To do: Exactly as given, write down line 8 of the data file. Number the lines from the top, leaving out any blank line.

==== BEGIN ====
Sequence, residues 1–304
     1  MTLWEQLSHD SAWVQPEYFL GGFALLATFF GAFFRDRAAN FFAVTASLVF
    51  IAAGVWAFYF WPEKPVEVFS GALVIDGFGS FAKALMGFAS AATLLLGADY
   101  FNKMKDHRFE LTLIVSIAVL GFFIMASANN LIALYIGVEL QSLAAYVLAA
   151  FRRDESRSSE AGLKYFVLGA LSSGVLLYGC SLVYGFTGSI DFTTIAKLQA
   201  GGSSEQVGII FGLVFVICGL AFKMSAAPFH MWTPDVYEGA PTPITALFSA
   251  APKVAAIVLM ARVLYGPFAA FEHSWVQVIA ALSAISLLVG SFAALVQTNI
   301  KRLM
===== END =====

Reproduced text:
   301  KRLM